UNLV - FIN - 308
CHAPTER 5 THE MARKET FOR FOREIGN EXCHANGESUGGESTED ANSWERS AND SOLUTIONS TO END-OF-CHAPTERQUESTIONS AND PROBLEMSQUESTIONS1. Give a full definition of the market for foreign exchange.Answer: Broadly defined, the foreign exchange (FX) market encompasse
UNLV - FIN - 308
CHAPTER 6 INTERNATIONAL PARITY RELATIONSHIPS AND FORECASTING FOREIGNEXCHANGE RATESSUGGESTED ANSWERS AND SOLUTIONS TO END-OF-CHAPTERQUESTIONS AND PROBLEMSQUESTIONS1. Give a full definition of arbitrage.Answer: Arbitrage can be defined as the act of s
UNLV - FIN - 308
CHAPTER 7 FUTURES AND OPTIONS ON FOREIGN EXCHANGESUGGESTED ANSWERS AND SOLUTIONS TO END-OF-CHAPTERQUESTIONS AND PROBLEMSQUESTIONS1. Explain the basic differences between the operation of a currency forward market and a futuresmarket.Answer: The forw
UNLV - FIN - 308
CHAPTER 8 MANAGEMENT OF TRANSACTION EXPOSURESUGGESTED ANSWERS AND SOLUTIONS TO END-OF-CHAPTER QUESTIONS ANDPROBLEMSQUESTIONS1. How would you define transaction exposure? How is it different from economic exposure?Answer: Transaction exposure is the s
UNLV - FIN - 308
CHAPTER 9 MANAGEMENT OF ECONOMIC EXPOSURESUGGESTED ANSWERS AND SOLUTIONS TO END-OF-CHAPTERQUESTIONS AND PROBLEMSQUESTIONS1. How would you define economic exposure to exchange risk?Answer: Economic exposure can be defined as the possibility that the f
UNLV - FIN - 308
CHAPTER 10 MANAGEMENT OF TRANSLATION EXPOSURESUGGESTED ANSWERS AND SOLUTIONS TO END-OF-CHAPTERQUESTIONS AND PROBLEMSQUESTIONS1. Explain the difference in the translation process between the monetary/nonmonetary method and thetemporal method.Answer:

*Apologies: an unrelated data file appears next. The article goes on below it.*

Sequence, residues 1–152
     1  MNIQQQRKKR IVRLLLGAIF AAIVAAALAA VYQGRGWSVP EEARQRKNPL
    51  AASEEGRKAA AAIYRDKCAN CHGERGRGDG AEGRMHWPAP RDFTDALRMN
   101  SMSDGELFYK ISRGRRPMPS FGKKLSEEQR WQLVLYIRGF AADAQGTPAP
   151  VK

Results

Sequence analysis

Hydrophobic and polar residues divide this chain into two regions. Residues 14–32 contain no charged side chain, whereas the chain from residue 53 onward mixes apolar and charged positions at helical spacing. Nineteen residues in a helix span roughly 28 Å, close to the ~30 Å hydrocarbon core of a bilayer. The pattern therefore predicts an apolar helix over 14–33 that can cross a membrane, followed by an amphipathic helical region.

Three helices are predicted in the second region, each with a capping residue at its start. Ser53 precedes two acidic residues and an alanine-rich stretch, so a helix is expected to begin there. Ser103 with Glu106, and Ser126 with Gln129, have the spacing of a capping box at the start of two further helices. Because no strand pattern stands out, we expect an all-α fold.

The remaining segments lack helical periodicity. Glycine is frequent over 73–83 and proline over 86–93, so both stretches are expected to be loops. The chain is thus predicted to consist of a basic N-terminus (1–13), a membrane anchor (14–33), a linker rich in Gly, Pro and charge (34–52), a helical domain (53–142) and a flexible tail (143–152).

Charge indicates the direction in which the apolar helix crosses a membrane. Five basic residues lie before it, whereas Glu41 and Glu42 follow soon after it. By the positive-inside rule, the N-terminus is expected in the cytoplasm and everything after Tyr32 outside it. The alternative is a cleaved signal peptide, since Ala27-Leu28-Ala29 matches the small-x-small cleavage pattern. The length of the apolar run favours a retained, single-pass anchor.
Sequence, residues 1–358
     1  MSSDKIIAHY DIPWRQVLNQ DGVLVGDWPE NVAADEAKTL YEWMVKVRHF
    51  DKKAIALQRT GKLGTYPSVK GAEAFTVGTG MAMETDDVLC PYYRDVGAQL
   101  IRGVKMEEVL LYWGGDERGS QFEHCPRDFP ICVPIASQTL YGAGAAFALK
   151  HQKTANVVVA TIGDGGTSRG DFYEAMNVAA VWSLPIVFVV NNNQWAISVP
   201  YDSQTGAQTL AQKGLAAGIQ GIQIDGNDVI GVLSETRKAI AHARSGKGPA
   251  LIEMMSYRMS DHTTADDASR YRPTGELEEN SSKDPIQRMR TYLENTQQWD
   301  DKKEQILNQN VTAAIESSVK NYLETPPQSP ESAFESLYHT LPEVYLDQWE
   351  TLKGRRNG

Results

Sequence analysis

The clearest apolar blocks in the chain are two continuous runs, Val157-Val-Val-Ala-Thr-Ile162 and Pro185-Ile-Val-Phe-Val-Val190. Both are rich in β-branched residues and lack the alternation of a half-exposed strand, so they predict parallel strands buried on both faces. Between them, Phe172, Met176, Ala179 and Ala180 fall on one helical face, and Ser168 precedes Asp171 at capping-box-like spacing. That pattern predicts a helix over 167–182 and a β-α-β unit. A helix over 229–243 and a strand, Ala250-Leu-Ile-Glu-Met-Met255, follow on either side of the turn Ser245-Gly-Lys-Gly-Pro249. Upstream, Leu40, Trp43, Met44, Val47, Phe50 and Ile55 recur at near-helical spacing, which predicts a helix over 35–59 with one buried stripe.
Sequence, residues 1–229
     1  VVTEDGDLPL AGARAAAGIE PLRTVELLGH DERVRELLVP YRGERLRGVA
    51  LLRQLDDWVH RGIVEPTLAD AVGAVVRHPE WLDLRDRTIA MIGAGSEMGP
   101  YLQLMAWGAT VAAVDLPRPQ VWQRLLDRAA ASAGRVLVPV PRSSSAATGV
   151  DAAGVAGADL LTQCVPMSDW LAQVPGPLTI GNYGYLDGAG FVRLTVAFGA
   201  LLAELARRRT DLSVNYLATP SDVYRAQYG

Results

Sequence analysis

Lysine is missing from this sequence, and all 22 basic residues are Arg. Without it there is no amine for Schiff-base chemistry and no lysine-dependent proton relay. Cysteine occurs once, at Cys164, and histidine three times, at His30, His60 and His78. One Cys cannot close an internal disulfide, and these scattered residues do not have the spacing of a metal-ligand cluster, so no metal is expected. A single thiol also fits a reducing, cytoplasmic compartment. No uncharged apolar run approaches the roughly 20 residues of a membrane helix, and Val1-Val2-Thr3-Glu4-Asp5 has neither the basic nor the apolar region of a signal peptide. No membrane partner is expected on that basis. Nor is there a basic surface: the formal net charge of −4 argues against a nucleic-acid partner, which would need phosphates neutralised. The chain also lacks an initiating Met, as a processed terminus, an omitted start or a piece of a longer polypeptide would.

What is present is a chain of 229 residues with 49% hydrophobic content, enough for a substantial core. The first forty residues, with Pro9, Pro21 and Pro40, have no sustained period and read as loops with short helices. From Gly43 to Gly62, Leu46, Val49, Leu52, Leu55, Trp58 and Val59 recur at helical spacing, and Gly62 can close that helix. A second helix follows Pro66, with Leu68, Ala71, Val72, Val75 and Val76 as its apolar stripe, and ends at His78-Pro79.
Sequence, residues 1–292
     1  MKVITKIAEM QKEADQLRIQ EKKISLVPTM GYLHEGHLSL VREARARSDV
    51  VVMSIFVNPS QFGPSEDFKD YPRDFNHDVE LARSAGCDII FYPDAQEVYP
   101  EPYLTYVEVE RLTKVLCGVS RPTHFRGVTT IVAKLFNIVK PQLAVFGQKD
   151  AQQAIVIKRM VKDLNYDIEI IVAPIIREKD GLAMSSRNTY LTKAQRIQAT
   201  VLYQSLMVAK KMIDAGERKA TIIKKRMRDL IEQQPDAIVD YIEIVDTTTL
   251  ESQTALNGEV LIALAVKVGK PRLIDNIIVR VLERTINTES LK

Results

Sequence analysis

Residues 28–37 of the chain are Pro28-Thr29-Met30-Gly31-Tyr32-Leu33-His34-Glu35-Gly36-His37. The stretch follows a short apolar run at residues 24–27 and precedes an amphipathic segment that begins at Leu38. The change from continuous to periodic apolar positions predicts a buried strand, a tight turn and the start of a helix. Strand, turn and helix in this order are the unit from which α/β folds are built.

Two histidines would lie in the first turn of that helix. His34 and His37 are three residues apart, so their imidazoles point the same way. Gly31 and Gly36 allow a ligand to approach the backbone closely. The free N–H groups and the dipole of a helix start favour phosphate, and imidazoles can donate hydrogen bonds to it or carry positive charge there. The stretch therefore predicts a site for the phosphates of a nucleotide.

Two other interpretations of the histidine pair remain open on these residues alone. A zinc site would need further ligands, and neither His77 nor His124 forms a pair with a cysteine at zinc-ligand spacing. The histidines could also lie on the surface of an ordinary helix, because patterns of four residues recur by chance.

UNLV - FIN - 308
CHAPTER 11 INTERNATIONAL BANKING AND MONEY MARKETSUGGESTED ANSWERS AND SOLUTIONS TO END-OF-CHAPTERQUESTIONS AND PROBLEMSQUESTIONS1. Briefly discuss some of the services that international banks provide their customers and the marketplace.Answer: Int
UNLV - FIN - 308
CHAPTER 12 INTERNATIONAL BOND MARKETSSUGGESTED ANSWERS AND SOLUTIONS TO END-OF-CHAPTERQUESTIONS AND PROBLEMSQUESTIONS1. Describe the differences between foreign bonds and Eurobonds. Also discuss why Eurobonds makeup the lions share of the internation
UNLV - FIN - 308
CHAPTER 13 INTERNATIONAL EQUITY MARKETSSUGGESTED ANSWERS AND SOLUTIONS TO END-OF-CHAPTERQUESTIONS AND PROBLEMSQUESTIONS1. Exhibit 13.11 presents a listing of major national stock market indexes as displayed daily in the printedition of the Financial
UNLV - FIN - 308
CHAPTER 14 INTEREST RATE AND CURRENCY SWAPSSUGGESTED ANSWERS AND SOLUTIONS TO END-OF-CHAPTERQUESTIONS AND PROBLEMSQUESTIONS1. Describe the difference between a swap broker and a swap dealer.Answer: A swap broker arranges a swap between two counterpar
UNLV - FIN - 308
CHAPTER 15 INTERNATIONAL PORTFOLIO INVESTMENTSUGGESTED ANSWERS AND SOLUTIONS TO END-OF-CHAPTERQUESTIONS AND PROBLEMSQUESTIONS1. What factors are responsible for the recent surge in international portfolio investment (IPI)?Answer: The recent surge in
UNLV - FIN - 308
CHAPTER 16 FOREIGN DIRECT INVESTMENT AND CROSS-BORDER ACQUISITIONSSUGGESTED ANSWERS AND SOLUTIONS TO END-OF-CHAPTERQUESTIONS AND PROBLEMSQUESTIONS1. Recently, many foreign firms from both developed and developing countries acquired high-tech U.S.firm